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Comment author: Lumifer 30 October 2014 03:31:59PM 1 point [-]

Well, I suspect Eugine Nier may have been one, to show the most obvious example.

Why do you suspect so? Gaming ill-defined social rules of an internet forum doesn't look like a symptom of sociopathy to me.

You seem to be stretching the definition too far.

Comment author: Viliam_Bur 30 October 2014 05:07:03PM 1 point [-]

Abusing rules to hurt people is at least a weak evidence. Doing it persistently for years, even more so.

Comment author: Ritalin 30 October 2014 04:10:49PM 0 points [-]

I suppose that's what they call "being more emotional"?

Comment author: Viliam_Bur 30 October 2014 05:03:17PM 0 points [-]

Probably one of those words that could mean many things:

a) a higher dose of hormones;
b) greater awareness of your internal state; or
c) an exaggerated reaction to the same dose of hormones.

Comment author: Vaniver 30 October 2014 03:11:11PM 1 point [-]

I once had a boss like this for a short time, and... well, it's like an experience from a different planet. If I tried to describe it using words, you would probably just round it to the nearest neurotypical behavior, which would completely miss the point.

Steve Sailer's description of Michael Milken:

I had a five-minute conversation with him once at a Milken Global Conference. It was a little like talking to a hyper-intelligent space reptile who is trying hard to act friendly toward the Earthlings upon whose planet he is stranded.

Is that the sort of description you have in mind?

Comment author: Viliam_Bur 30 October 2014 04:55:08PM *  3 points [-]

I really doubt the possibility to convey this in mere words. I had previous experience with abusive people, I studied psychology, I heard stories from other people... and yet all this left me completely unprepared, and I was confused and helpless like a small child. My only luck was the ability to run away.

If I tried to estimate a sociopathy scale from 0 to 10, in my life I have personally met one person who scores 10, two people somewhere around 2, and most nasty people were somewhere between 0 and 1, usually closer to 0. If I wouldn't have met than one specific person, I would believe today that the scale only goes from 0 to 2; and if someone tried to describe me how the 10 looks like, I would say "yeah, yeah, I know exactly what you mean" while having a model of 2 in my mind. (And who knows; maybe the real scale goes up to 20, or 100. I have no idea.)

Imagine a person who does gaslighting as easily as you do breathing; probably after decades of everyday practice. A person able to look into your eyes and say "2 + 2 = 5" so convincingly they will make you doubt your previous experience and believe you just misunderstood or misremembered something. Then you go away, and after a few days you realize it doesn't make sense. Then you meet them again, and a minute later you feel so ashamed for having suspected them of being wrong, when in fact it was obviously you who were wrong.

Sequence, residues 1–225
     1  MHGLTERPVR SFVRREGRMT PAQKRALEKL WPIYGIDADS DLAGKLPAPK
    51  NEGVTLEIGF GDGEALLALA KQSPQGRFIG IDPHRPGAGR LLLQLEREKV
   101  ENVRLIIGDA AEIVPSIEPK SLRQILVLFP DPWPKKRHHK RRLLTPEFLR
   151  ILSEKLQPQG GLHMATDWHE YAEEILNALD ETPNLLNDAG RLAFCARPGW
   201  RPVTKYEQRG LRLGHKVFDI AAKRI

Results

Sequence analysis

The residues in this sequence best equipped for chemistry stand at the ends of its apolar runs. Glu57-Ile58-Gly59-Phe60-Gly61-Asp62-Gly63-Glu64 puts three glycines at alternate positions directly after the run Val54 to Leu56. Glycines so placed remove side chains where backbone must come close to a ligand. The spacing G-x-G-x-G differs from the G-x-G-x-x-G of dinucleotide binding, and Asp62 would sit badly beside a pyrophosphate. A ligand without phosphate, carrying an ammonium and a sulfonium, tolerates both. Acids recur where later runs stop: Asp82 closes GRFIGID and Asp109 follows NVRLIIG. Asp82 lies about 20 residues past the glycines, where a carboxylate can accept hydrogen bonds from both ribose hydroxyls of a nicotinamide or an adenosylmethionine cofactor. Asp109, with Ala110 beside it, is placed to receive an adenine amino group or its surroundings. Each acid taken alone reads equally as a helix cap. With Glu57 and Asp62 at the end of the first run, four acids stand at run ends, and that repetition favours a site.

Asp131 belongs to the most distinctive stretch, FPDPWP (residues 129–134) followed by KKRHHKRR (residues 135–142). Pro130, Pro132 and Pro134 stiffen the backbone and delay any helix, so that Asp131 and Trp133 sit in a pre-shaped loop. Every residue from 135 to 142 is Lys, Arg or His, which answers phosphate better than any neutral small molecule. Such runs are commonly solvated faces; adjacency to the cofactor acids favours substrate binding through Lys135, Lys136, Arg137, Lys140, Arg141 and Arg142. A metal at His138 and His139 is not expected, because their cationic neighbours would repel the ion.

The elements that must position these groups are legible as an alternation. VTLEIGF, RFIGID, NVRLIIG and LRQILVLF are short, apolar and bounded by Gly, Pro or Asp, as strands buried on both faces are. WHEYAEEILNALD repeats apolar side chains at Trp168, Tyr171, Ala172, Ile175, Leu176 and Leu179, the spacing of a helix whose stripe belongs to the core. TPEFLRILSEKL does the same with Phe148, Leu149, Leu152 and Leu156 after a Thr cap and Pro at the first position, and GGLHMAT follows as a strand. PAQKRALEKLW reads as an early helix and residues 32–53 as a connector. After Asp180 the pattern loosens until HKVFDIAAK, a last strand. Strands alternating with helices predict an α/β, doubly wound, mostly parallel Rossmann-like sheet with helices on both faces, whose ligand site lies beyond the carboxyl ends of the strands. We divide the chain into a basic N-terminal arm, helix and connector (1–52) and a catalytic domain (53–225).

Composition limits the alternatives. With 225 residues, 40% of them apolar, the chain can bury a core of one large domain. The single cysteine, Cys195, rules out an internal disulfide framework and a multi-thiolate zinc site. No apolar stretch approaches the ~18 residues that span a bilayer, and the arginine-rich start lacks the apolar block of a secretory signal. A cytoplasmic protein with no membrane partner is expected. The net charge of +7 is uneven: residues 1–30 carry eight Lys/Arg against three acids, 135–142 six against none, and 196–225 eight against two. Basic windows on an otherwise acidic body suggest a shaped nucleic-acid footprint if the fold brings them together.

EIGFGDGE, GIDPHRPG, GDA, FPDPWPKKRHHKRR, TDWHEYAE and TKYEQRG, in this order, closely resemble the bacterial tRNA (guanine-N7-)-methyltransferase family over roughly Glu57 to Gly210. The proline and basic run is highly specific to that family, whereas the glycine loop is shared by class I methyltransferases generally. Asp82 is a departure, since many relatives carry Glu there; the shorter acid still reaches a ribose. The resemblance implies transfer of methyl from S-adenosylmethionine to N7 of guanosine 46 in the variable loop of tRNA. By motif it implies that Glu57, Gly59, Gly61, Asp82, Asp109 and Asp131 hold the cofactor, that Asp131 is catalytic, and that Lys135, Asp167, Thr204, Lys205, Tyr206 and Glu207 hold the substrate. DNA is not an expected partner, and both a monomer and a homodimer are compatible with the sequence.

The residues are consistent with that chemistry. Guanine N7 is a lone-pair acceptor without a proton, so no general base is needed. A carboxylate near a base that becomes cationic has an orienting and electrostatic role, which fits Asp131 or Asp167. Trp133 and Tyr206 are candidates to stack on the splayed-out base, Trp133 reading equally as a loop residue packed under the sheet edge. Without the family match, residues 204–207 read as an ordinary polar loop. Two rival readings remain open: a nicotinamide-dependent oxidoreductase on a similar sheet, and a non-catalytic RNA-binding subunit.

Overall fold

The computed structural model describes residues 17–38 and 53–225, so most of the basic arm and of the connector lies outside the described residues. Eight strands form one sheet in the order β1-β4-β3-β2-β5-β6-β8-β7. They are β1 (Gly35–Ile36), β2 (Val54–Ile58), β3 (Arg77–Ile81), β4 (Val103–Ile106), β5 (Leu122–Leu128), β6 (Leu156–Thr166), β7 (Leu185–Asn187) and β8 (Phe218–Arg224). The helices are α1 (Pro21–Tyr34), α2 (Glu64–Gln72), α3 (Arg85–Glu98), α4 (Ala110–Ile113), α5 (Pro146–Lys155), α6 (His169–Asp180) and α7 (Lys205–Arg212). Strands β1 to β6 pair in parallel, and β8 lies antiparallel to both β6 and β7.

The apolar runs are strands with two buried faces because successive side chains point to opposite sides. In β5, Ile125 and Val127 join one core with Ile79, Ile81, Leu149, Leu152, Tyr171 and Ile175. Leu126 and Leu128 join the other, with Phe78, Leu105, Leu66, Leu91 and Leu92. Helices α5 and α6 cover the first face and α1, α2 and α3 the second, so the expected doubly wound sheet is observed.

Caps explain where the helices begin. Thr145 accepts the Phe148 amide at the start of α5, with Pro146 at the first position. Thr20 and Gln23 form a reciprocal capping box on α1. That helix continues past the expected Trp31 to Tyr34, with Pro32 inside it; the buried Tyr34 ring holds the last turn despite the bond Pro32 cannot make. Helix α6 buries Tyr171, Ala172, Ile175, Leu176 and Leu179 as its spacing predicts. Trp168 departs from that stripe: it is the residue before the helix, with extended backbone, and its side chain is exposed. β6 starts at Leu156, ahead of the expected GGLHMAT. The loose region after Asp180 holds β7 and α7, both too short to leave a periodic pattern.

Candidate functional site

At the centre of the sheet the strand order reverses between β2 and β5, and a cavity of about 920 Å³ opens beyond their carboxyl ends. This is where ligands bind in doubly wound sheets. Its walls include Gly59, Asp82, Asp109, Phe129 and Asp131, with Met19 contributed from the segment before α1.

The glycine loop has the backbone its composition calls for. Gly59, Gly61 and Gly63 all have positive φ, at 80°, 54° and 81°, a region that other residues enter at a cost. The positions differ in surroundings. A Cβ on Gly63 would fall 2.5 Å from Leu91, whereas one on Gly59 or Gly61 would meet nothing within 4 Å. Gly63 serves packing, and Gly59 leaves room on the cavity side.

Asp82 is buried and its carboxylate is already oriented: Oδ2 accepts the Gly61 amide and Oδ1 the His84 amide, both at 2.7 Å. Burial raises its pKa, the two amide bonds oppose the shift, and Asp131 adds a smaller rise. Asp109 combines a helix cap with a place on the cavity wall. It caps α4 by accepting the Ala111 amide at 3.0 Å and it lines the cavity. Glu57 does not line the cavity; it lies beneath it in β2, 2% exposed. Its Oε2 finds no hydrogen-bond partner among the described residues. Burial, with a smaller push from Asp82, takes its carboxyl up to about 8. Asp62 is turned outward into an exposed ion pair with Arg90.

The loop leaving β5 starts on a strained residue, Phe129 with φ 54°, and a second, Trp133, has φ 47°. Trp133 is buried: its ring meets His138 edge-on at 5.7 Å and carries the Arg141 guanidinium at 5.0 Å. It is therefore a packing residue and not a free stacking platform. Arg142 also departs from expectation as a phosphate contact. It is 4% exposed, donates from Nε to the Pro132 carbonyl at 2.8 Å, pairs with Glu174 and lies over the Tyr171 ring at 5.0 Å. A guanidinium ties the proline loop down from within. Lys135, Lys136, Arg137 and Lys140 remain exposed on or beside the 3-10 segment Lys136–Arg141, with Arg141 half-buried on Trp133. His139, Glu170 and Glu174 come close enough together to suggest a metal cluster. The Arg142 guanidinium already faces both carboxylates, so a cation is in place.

If you try to confront them in front of another person and say: "You said yesterday that 2 + 2 = 5", they will either look the other person in the eyes and say "but really, 2 + 2 = 5" and make them believe so, or will look at you and say: "You must be wrong, I have never said that 2 + 2 = 5, you are probably imagining things"; whichever is more convenient for them at the moment. Either way, you will look like a total idiot in front of the third party. A few experiences like this, and it will become obvious to you that after speaking with them, no one would ever believe you contradicting them. (When things get serious, these people seem ready to sue you for libel and deny everything in the most believable way. And they have a lot of money to spend on lawyers.)

This person can play the same game with dozens of people at the same time and not get tired, because for them it's as easy as breathing, there are no emotional blocks to overcome (okay, I cannot prove this last part, but it seems so). They can ruin lives of some of them without hesitation, just because it gives them some small benefit as a side effect. If you only meet them casually, your impression will probably be "this is an awesome person". If you get closer to them, you will start noticing the pattern, and it will scare you like hell.

And unless you have met such person, it is probably difficult to believe that what I wrote is true without exaggeration. Which is yet another reason why you would rather believe them than their victim, if the victim would try to get your help. The true description of what really happened just seems fucking unlikely. On the other hand their story would be exactly what you want to hear.